The only way Las Vegas can support a new sports arena is through public financing, Mayor Oscar Goodman told reporters during his weekly press conference this week. And without an arena, the city will never nab an NHL or NBA team. "There are no free lunches," Goodman said, when told it was difficult to find much local support for public financing. "With that kind of attitude, that kind of philosophy, we'll never have an arena. We'll never have a professional team here, end of story."
According to reports in the Las Vegas Sun, the mayor supports building an arena in the downtown's Symphony Park area and claims that public financing through a bond initiative on the ballot would make it a reality. One idea calls for the creation of a tourist improvement district that would pay for the public bonds, and a certain amount of the sales tax generated in the district would be used to retire the bonds.
Once an arena gets built, though, it needs to be filled by more than just seasonal sports teams. Increased competition for consumers' discretionary dollars is "crowding some forms of entertainment out" of multipurpose arenas in the current recession, Mark Rosentraub, a professor of sport management at the University of Michigan told AB earlier this year. "That creates substantial pressure on whoever financed and owns the facility. When you build an arena, you're basically adding 150 to 175 inventory days to a market. The question you then have to raise is, given the spending levels and income-growth levels, are you going to sell those days?"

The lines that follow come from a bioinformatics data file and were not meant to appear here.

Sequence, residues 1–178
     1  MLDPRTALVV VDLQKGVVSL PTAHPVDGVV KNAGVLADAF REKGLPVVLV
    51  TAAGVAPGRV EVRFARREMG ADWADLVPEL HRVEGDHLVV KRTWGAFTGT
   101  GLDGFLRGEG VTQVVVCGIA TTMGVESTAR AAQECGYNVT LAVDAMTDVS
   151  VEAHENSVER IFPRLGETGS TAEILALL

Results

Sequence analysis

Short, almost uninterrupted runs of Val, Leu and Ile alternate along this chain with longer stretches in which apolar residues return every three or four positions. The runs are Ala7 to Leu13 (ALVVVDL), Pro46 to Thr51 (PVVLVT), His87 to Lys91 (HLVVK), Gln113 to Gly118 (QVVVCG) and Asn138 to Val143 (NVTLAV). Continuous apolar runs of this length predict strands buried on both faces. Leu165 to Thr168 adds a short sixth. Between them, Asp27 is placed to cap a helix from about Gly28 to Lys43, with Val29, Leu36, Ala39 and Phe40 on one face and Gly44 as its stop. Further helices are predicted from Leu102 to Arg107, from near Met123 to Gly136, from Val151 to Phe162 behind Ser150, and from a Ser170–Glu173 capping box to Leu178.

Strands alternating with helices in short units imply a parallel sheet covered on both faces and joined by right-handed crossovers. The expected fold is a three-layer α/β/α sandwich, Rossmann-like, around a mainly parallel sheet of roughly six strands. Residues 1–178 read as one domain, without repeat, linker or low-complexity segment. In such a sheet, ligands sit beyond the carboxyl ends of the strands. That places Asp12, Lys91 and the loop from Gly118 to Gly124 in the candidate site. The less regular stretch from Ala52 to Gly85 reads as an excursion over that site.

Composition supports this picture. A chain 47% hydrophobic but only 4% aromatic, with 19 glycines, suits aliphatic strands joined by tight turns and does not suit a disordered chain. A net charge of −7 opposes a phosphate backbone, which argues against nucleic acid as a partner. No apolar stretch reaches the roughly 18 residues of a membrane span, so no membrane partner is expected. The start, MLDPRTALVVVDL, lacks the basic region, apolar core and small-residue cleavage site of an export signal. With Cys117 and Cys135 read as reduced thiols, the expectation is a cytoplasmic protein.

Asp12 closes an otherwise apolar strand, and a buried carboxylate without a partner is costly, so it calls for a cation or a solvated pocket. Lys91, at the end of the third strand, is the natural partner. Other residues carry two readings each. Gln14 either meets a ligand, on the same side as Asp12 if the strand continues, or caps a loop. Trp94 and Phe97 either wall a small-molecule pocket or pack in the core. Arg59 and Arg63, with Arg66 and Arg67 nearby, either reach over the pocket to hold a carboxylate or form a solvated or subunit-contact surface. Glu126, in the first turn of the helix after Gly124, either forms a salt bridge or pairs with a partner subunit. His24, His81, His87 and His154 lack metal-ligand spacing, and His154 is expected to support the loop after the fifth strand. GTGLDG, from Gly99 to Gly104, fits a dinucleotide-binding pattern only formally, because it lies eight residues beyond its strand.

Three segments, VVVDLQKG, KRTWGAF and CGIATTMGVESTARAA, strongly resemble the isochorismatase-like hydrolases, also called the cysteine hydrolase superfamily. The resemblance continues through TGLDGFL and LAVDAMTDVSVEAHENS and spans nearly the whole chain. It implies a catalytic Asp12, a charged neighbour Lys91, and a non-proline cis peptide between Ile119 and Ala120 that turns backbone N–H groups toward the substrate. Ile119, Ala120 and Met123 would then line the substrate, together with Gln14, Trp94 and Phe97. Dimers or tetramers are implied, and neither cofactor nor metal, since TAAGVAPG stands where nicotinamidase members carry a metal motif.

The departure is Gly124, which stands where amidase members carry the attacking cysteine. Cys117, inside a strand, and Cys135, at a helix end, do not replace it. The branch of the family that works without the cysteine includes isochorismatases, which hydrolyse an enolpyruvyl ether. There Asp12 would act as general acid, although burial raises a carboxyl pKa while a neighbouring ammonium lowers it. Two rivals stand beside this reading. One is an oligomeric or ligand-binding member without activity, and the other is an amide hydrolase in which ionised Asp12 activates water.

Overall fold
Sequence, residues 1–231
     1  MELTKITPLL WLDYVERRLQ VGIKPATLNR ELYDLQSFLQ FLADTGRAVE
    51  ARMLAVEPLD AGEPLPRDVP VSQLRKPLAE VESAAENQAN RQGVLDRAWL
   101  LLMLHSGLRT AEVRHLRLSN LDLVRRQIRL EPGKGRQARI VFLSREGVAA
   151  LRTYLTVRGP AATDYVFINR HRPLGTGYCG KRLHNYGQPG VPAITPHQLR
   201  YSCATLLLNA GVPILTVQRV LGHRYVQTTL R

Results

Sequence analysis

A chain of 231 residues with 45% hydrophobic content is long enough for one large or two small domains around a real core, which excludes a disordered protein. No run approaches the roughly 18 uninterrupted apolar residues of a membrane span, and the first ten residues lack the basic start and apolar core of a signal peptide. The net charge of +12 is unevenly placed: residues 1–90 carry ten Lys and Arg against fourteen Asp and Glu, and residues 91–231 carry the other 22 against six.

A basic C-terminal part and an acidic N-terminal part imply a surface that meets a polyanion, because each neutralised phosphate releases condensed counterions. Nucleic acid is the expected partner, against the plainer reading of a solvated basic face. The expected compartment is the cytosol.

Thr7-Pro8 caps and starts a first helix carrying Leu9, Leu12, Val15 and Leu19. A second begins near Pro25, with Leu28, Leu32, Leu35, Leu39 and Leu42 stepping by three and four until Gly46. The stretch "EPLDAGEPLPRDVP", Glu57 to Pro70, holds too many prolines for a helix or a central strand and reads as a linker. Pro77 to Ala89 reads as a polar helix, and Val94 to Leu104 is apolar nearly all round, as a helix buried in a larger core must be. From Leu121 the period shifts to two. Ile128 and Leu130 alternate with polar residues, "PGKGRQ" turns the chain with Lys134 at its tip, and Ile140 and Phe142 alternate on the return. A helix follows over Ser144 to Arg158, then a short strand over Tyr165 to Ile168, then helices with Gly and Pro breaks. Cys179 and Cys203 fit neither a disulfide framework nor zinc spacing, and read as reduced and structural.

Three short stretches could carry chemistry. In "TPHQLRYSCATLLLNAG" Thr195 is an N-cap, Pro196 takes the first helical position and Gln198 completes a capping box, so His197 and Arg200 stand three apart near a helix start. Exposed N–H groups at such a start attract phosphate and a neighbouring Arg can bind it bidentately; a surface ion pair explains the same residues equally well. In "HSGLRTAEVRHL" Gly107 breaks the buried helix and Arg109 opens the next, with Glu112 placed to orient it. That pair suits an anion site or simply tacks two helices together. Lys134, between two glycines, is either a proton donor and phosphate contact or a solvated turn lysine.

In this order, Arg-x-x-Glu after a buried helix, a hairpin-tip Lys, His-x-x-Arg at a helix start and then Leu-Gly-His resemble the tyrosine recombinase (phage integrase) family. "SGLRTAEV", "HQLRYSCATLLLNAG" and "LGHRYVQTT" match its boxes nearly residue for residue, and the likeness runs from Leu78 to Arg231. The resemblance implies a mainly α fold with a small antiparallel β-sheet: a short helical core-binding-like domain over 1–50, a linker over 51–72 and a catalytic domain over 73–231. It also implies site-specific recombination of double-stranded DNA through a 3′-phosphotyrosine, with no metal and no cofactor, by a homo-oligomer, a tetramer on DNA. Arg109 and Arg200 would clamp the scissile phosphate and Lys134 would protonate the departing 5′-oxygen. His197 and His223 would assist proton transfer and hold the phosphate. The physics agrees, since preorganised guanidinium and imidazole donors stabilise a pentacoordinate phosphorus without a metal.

On the other hand, Goodman claims that without a modern arena, Vegas could lose the profitable events it already brings to the city, including the National Finals Rodeo. Last year, 10 nights of competition drew 174,000 attendees, including 35,000 from out of town, according to the Sun, while injecting $50 million into the economy during the traditionally slow time of year between Thanksgiving and New Year's Day.